Prior to requesting approval for the demolition of the Moose Lodge and the Brickyard Tavern, the city hired historic preservation consultants to assess the historic value of the buildings, an engineer to evaluate the buildings and a real estate expert to provide an economic analysis of the buildings’ value, as required by city regulations governing the demolition of historic buildings. Also included was a photographic record of each building.
Both locations are owned by the city.
With the reports in hand, the Design Advisory Board (DAB) gave its unanimous approval for the demolition of both buildings within 15 minutes of opening the meeting.
Chip Sawyer, the city’s director of planning and development, described the Moose Lodge located at 43 Lake St. as “an underdeveloped building for that site.”
The one story concrete building was constructed in the 1950s after a fire destroyed the second story of what had been a two-story building.
The building reflects the architecture of the time, according to preservationist Liz Pritchett.
Much of downtown is included in a historic district, and historic buildings within the district are listed on the National Register. The Moose Lodge was not included in that listing.
“The loss of the building to demolition, in my professional opinion, would not have a substantial impact on the overall character of the historic district,” wrote Pritchett, calling the demolition “a reasonable option as part of the overall revitalization plan for the city.”
Cross Consulting Engineers estimated the cost of bringing the Moose Lodge to current buildings codes at $547,000.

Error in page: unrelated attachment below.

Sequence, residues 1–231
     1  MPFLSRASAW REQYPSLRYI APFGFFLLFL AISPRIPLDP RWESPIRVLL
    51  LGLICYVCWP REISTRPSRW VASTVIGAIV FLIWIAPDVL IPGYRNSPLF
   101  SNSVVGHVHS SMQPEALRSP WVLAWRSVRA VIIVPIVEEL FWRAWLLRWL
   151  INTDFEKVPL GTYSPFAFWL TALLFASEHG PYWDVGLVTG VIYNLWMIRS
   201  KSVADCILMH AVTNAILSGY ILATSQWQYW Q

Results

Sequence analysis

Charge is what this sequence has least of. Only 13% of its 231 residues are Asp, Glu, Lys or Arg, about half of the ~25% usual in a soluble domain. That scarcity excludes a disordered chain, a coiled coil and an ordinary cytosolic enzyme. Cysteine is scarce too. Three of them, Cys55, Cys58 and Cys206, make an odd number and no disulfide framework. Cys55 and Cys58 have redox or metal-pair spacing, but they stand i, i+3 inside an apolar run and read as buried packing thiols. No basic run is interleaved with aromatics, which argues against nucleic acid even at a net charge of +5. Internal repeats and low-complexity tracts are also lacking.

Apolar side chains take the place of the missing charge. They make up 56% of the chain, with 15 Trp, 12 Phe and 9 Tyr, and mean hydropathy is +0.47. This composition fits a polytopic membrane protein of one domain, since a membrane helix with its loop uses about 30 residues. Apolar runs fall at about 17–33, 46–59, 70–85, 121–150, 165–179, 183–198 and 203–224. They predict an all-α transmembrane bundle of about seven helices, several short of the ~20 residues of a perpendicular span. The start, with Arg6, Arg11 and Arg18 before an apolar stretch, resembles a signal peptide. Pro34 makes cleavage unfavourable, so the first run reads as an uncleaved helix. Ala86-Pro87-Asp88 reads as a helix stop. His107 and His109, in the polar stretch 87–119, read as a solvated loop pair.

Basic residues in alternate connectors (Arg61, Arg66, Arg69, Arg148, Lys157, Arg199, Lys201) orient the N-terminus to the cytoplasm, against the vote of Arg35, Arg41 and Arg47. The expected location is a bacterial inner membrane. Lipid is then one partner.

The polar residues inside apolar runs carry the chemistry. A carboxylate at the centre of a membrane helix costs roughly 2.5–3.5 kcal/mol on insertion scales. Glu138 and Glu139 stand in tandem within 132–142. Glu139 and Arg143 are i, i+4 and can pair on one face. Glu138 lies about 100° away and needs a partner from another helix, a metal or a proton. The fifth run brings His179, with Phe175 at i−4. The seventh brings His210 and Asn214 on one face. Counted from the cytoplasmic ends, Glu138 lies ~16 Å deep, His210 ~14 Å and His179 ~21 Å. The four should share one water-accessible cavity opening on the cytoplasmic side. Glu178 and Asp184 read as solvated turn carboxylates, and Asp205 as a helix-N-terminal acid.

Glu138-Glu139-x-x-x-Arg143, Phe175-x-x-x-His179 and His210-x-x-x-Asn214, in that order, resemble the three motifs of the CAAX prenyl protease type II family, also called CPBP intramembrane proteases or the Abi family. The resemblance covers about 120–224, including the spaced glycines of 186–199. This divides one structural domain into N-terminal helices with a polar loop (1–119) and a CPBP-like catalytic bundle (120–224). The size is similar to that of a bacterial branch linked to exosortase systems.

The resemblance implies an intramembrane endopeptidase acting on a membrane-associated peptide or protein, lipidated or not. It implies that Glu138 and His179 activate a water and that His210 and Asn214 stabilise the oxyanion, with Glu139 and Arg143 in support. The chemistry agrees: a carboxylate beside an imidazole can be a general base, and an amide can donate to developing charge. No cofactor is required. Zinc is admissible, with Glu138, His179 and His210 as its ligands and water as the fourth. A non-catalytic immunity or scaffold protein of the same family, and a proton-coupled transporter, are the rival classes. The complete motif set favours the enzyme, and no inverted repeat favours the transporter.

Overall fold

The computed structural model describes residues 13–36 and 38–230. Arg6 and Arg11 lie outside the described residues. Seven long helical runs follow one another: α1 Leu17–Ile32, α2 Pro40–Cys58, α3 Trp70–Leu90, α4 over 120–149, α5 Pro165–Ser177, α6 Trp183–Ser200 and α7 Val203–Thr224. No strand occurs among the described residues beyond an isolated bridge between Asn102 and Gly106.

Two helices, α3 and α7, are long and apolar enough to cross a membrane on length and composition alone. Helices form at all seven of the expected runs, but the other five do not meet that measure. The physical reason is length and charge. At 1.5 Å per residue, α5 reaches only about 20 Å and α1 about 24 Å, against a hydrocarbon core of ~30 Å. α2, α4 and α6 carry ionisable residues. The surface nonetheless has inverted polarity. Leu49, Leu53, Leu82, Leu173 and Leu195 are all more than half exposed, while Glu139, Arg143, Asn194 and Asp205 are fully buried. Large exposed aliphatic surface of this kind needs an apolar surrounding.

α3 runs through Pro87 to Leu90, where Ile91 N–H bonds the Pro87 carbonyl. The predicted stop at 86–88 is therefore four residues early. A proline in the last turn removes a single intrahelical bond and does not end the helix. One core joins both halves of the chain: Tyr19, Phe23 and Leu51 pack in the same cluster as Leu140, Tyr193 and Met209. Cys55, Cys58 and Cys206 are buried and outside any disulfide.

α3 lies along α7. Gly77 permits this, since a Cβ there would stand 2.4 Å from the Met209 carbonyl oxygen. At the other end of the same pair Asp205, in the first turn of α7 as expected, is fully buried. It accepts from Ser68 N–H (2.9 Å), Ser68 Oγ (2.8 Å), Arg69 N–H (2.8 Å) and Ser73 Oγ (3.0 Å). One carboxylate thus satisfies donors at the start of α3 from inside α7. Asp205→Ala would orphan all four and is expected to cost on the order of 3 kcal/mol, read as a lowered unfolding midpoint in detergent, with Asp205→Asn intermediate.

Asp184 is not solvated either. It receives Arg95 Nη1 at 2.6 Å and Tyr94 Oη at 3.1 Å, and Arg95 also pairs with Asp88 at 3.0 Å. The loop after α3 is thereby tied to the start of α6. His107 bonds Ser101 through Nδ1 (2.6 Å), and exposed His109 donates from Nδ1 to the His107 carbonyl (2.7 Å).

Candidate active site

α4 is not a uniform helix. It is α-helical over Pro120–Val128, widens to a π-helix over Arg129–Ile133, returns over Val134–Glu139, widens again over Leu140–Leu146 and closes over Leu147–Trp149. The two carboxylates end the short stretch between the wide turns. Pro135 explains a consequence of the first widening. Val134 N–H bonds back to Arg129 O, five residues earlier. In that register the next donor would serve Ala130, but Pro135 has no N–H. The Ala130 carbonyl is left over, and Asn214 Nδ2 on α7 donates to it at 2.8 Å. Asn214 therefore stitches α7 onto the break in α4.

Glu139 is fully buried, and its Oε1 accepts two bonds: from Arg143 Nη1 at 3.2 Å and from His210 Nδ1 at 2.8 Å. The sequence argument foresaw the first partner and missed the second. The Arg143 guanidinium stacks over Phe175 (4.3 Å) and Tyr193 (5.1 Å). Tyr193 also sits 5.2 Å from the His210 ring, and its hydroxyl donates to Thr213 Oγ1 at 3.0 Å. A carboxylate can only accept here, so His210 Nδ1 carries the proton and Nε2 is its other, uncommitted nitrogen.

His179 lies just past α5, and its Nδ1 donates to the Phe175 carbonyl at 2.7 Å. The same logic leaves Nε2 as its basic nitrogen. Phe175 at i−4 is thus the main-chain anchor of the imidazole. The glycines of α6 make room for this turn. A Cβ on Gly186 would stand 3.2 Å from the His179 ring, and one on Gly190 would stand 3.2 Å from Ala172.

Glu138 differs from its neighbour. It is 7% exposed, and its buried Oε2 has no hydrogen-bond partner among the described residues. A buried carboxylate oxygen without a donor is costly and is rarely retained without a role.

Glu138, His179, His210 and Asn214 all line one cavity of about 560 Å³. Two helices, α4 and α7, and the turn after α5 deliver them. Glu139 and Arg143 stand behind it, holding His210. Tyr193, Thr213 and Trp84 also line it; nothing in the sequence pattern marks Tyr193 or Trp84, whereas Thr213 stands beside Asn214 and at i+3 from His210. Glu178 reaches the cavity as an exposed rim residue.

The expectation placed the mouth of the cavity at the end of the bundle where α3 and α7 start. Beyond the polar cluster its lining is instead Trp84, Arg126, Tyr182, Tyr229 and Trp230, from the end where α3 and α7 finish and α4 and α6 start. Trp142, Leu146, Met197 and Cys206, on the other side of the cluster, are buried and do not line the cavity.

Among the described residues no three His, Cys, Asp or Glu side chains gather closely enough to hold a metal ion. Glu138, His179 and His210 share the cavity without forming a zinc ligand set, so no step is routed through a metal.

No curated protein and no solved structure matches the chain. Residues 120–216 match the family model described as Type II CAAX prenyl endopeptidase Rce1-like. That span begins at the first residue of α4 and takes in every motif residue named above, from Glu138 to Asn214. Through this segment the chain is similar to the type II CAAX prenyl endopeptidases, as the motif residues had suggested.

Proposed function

The Brickyard Tavern was included in the historic district. The city is seeking to demolish the Tavern and an adjacent building at 31-33 Federal St.
In a letter to the Vermont Division of Historic Preservation, preservationist Lyssa Papazian described the two buildings as “marginal to poor examples of historic properties that contribute little to the overall historic character of Federal Street and its surrounding blocks.”
Papazian concluded demolition of the buildings would have “no adverse effect on historic properties.”
Cross Consulting Engineers put the cost of restoring the two Federal Street buildings at $1.2 million. A previous estimate from Connor Contracting had estimated a higher cost of $1.5 million.
Both boards will meet again to formally consider the applications for the new state office building and the parking garage. The DAB will examine the aesthetics of the two projects on July 22. The proposals will then go the Development Review Board for site plan approval.